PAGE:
How Much Do You Know About Pelham Mill Park?

Local mom Liene reviews Pelham Mill Park in Greer, SC. For more park reviews, see our Parks in Greenville page.

This historic site in Greenville has somehow flown under the radar of the majority of locals, even those living and working nearby. However, with its old mill ruins, river shoals and couple of acres of bottomland forest, Pelham Mill Park could be considered one of the more interesting parks in Greenville County.

About Pelham Mill Park

Home to the one of the first textile mills in Greenville County, there are scenic and historic elements that liken it to Falls Park downtown. The Upstate was largely shaped by the textile industry, and just as Falls Park contains the ruins of a grist mill, Pelham Mill Park contains the remnants of a cotton mill. Evidence of a complex series of stone and brick foundations span the floodplain, shoals and terrace that overlook the Enoree River. These ruins are accessible to visitors, though be warned – with steep, muddy footpaths, tall grass and an unfortunate abundance of trash & poison ivy, extreme caution should be exercised when exploring the site.

The Greenville County Historic Preservation Commission donated the thirteen acres to Greenville County in 1988. Seven acres have been added through a partnership with Western Carolina Regional Sewer Authority, and the master plan for the park includes interpretive signage, picnic sites and a walking bridge spanning the river that would provide access to trails along the Enoree River. One aspect of the plan which has been completed is the dog park, and a second that is currently in the works is restoration of the former Pelham Mill Post Office.

The building was built in 1870 as Pelham Mill’s office until the textile plant closed in 1930. It became a post office until it was closed in 1996, and when Highway 14 was widened in 2002 it was moved to its present location. Greenville Rec is restoring the historic structure for use as a community building with help from Western Carolina Regional Sewer Authority and Greenville County.

Other features of the park include a paved path leading to the historical 19th century stonework dam. An overlook provides a view of the dam, architectural remains of the mill and shoals on the Enoree River. Crumbling walls, foundations and depressions give evidence to what used to stand on the site: two steam smokestacks, underground pipes, drains, turbines, nine brick pilings, the mill’s main powerhouse and steam generator, and finally the large mortared stone dam with six sluice gates spanning the Enoree River. The Mill burned down in 1943 (except for the mill office), as the only fire trucks available had to come all the way from Greenville and Greer.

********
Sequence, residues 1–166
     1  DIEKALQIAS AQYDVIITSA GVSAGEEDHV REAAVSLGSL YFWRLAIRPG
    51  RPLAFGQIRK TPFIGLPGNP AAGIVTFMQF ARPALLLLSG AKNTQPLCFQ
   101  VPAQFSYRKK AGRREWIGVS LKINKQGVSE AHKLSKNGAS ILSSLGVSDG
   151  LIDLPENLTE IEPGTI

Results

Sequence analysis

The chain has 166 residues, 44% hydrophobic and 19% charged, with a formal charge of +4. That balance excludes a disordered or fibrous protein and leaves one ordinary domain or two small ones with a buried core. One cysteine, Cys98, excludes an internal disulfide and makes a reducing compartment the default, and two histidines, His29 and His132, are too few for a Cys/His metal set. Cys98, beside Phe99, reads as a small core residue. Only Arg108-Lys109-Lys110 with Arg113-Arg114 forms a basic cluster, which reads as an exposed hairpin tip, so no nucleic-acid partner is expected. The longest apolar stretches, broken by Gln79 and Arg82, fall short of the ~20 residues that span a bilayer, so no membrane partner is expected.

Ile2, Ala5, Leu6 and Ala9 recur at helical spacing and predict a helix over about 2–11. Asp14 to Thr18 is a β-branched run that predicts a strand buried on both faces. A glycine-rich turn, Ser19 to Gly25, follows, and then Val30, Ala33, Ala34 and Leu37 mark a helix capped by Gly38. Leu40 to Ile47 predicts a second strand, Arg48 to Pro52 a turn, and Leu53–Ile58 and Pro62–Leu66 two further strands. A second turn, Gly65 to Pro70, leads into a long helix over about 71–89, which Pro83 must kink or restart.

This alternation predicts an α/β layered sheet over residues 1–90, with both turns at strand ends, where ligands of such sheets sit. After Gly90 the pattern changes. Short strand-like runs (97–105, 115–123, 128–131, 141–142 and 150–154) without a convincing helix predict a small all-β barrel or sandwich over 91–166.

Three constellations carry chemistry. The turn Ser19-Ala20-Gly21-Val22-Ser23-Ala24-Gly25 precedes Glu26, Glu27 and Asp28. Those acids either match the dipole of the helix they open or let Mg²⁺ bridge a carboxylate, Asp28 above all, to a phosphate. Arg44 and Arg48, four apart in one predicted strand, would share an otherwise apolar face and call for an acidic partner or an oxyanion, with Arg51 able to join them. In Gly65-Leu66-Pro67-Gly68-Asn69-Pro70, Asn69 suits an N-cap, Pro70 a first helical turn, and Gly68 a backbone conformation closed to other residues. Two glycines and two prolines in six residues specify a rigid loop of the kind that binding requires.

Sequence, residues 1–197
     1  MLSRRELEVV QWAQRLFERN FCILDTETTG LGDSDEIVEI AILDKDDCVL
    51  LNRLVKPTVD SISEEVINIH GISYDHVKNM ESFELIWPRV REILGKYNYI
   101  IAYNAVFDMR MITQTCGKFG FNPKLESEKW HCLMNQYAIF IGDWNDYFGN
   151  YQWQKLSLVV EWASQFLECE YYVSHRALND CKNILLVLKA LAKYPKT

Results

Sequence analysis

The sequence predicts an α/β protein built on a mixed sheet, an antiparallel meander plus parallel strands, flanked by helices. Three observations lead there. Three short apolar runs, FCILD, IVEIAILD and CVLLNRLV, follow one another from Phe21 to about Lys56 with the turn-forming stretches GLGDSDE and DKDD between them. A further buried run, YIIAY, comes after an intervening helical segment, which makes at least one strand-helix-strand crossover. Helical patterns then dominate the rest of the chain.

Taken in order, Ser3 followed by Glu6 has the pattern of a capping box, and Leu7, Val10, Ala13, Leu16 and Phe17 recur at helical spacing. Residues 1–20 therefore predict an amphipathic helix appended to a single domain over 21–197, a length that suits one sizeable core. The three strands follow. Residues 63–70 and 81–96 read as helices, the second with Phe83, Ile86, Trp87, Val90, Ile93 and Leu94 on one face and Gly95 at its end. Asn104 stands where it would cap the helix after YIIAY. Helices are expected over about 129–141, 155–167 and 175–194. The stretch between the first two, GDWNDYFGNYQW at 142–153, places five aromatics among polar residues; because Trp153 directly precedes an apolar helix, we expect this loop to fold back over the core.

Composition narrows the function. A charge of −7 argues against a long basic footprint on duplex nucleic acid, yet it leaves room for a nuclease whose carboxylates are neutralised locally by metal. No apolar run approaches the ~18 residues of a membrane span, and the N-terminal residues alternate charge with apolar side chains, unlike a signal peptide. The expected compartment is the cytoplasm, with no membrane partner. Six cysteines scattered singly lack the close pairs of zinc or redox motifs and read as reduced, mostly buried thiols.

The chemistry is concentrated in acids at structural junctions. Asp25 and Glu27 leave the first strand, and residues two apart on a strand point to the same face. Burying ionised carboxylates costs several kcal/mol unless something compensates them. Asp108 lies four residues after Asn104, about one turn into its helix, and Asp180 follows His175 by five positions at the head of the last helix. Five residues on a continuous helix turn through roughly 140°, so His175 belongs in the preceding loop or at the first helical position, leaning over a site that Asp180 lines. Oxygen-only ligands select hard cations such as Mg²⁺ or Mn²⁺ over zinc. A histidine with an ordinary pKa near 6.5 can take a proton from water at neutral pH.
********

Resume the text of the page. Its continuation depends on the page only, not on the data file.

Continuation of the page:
Pelham Mill is recognized by the Greenville County Historic Preservation Commission as one of 11 historic sites in the County.

On a related note, the Enoree river served another important purpose a few hundred years earlier. In 1766 NC/SC negotiated a boundary with the Cherokee between ‘Indian land’ and their new settlement. This line extended from Honea Path across the Reedy River all the way to Virginia, but today there is nothing to remind us of this aspect of southern history except a few historic markers like the one nearby on Highway 14. If you do make a stop at the marker, make sure to also find the nearby geocache…

Plan a visit to Pelham Mill Park

2770 E Phillips Road
Greer, SC 29650
Visit the website here.

This article was originally published on Femme au foyer.

Have you explored Pelham Mill Park?

Meet Liene
Mother of three young boys, Liene is constantly on the move since returning to Greenville in 2012. Whether she’s exploring the state parks and natural areas of the Carolinas or teaming up with other moms to organize activities for the kids, she’s always searching for the next adventure in the Upstate. For everything from hiking, travel, cooking and crafts to multicultural & global education posts, visit her blog, Femme au Foyer.
Liene
About the Author
Mother of four young boys, Liene is constantly on the move since returning to Greenville in 2012. Whether she’s exploring the state parks and natural areas of the Carolinas or teaming up with other moms to organize activities for the kids, she’s always searching for the next adventure in the Upstate. For everything from hiking, travel, cooking and crafts to multicultural & global education posts, visit her blog, http://FemmeauFoyer2011.blogspot.com.

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